Our usual way of viewing the world as made up of entities that first exist and only later act and relate to each other constricts our thinking. Within it, we can only image three ways of relating: equality, merger, or domination.
In the yin-yang diagram, both light and dark are necessary, and their relationship is dynamic. But in our habitual Western thought not only do we separate the two and think of them as fixed, we tend to associate light with superior and dark with inferior.
A few days ago, I was interviewed by Oshan Joshan for his podcast series “Musing Minds.” We talked about both economics, Zen, gender…so on some of the same themes I’ve addressed elsewhere on this blog.
Oshan gave the interview the title “What If ‘Capitalism’ Isn’t the Problem?” That’s not to say we don’t have enormous problems! Only that we have mis-identified their source.
It’s been over a year since I first posted about problems in the Boundless Way Zen community. While I had hoped “that we will all get through this together,” that is not what happened.
It’s been over a year since the last comment on my essay about problems in the Boundless Way Zen Community, Letting in Some Air, was posted. I think it’s time for a public postscript about what has happened since then.
Unfortunately, while I had hoped “that we will all get through this together,” that is not, in fact, what happened. David Rynick and Melissa Blacker’s insistence on their own unquestionable superior teaching authority, and the facilitation of their power grab by several senior students, led to a deep and painful schism. The other five Boundless Way Zen Guiding Teachers, many members, and a number of sitting groups ultimately left that organization over the fall of 2018 and early 2019. Most of us now affiliate with the Greater Boston Zen Center. David and Melissa continue to lead the Boundless Way Temple (BWT) and Boundless Way Zen (BoWZ).Continue reading “Postscript to “Letting in Some Air””
Zen is about awakening, and not about experiencing any particular state, or becoming “good,” or displaying any peculiar powers.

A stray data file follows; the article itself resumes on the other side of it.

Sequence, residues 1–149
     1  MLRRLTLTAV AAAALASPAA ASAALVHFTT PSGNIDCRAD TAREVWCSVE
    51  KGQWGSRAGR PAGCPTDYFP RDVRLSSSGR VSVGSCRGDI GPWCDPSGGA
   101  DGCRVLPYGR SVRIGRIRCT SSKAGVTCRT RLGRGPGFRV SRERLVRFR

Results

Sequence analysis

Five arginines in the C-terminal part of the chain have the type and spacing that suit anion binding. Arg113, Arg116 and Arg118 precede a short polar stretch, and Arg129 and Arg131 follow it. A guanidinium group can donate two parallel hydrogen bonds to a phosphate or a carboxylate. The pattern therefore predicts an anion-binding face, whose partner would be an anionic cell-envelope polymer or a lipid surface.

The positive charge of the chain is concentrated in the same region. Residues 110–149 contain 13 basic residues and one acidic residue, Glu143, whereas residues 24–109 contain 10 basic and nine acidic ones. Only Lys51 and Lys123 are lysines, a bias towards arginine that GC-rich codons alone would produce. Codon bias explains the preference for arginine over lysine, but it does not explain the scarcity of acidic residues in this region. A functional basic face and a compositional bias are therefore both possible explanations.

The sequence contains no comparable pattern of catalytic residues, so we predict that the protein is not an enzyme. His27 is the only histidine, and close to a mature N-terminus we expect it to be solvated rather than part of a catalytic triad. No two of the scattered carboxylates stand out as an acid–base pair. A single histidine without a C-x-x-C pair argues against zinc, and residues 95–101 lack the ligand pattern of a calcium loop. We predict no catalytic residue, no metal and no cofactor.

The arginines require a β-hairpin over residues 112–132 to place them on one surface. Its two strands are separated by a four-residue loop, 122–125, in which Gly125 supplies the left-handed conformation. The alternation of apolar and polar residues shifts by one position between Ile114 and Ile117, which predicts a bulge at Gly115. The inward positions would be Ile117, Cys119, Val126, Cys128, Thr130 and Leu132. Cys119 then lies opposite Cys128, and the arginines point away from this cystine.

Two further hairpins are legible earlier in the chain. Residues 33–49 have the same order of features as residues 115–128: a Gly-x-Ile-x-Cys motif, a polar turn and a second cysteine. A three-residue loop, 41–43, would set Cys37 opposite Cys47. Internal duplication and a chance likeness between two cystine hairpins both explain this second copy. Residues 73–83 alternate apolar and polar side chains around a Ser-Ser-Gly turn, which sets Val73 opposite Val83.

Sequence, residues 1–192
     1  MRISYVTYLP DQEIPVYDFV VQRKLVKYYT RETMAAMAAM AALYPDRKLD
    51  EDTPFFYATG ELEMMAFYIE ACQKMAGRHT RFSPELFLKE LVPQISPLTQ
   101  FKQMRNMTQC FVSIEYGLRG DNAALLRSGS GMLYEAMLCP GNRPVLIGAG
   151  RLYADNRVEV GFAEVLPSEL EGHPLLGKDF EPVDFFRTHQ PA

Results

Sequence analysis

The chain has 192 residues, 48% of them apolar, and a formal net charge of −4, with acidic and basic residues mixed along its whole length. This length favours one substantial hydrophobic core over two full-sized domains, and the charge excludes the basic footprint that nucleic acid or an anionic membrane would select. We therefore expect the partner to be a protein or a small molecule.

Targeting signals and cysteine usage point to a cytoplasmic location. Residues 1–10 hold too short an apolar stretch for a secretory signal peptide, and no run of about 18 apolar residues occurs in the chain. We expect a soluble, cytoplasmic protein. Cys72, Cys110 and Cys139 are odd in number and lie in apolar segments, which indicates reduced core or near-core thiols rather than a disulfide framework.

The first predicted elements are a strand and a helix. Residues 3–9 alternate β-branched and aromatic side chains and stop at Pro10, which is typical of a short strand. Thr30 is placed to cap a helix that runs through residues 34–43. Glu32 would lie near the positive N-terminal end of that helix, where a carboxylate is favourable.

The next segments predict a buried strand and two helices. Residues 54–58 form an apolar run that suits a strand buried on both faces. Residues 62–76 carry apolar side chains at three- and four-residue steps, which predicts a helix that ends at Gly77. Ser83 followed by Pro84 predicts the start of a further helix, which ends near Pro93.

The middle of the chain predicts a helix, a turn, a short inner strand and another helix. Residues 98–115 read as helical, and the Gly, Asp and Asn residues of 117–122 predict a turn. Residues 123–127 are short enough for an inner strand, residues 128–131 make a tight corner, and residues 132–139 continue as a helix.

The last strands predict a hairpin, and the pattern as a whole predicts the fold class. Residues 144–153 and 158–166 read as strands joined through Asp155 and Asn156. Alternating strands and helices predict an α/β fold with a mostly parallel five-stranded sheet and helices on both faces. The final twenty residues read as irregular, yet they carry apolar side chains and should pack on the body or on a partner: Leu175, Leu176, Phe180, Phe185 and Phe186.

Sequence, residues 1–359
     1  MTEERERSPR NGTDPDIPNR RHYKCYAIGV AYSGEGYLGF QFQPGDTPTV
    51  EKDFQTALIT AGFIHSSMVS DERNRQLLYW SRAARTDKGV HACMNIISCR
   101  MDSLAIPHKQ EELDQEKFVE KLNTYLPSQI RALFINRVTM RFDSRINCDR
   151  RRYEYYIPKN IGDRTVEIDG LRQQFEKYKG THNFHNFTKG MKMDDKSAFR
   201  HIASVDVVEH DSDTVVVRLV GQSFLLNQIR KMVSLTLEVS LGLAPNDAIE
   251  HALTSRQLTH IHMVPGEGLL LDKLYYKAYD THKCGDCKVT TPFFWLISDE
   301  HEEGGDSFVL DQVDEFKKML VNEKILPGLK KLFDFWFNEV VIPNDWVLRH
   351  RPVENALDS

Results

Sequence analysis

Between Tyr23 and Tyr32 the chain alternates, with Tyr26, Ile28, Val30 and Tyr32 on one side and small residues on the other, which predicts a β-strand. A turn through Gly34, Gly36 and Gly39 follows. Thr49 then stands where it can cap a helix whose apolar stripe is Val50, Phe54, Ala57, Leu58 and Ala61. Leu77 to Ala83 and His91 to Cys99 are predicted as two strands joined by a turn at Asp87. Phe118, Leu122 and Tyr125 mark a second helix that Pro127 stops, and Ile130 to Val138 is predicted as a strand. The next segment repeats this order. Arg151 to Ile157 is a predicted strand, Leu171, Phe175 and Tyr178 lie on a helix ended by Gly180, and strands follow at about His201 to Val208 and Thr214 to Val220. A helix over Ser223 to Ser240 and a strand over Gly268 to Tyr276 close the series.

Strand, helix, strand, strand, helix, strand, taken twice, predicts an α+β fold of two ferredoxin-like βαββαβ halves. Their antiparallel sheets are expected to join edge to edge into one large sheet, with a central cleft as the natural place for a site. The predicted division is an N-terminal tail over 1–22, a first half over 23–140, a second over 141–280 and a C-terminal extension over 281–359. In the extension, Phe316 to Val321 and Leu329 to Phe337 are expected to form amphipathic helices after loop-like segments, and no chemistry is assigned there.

Zen is about awakening, and not about experiencing any particular state, or becoming “good,” or displaying any peculiar powers. These points, which I talked about in Part I of this two-part series, are beautifully summarized by the following text by Keizan Jokin, a Japanese Zen teacher born in the 13th century. Continue reading “Dangers of Zen, Part II”
While the benefits of Zen are real and profound, and talked about often, the dangers tend to receive less attention. Yet they are also real, and can arise among both beginning and experienced practitioners.
Recently, due to both personal health issues and stuff going on around me, I’ve been reflecting on some of the hazards that involved in Zen practice. While the benefits of Zen are real and profound, and talked about often, the dangers tend to receive less attention. Yet they are also real, and can arise among both beginning and experienced practitioners. Continue reading “Dangers of Zen, Part I”
I love my sangha, Boundless Way Zen. And I have to write a difficult post about it.
Let me say, first of all, that I’m not writing this out of any sense that if I were in charge, I would of course do things better. It became particularly clear to me, while I was on sesshin (weeklong silent retreat) this summer, that knowing better and doing better are two different things. Having served as chant leader in the past, I know when various bells and clappers are supposed to be sounded, and so I noticed when mistakes were made. And also, from the hard experience of having held this post in the past, I was well aware that when it’s actually my responsibility in real time to do this job, you’ll hear me, too, ringing the bell at the wrong moment. So while I feel I have to write about missteps I see being made by some in leadership positions, I am not claiming that I would do any better if I were in their shoes. I have a profound respect for the spiritual direction I have received from all the Boundless Way Zen teachers. Continue reading “Letting in Some Air”
Conversations with David Loy, Clair Brown and others…
It’s been an interesting couple weeks. Buddhist scholar David Loy and I, along with Jeff Seul, engaged in an online conversation on the One Earth Sangha website about Buddhism and economics. UC Berkeley economist Clair Brown and I, meanwhile, engaged in an email conversation about her new book on the topic.
In the same couple weeks, I also find that I’ve been called a “rubbish”-writing, rent-seeking “neoliberal economist” by a Buddhist blogger.* But, lest you think I only get criticism from the left side of the political spectrum, I’ve also just recently been labeled as an impractical, hopelessly idealistic “windbag” by a well-known actual neoliberal economist.**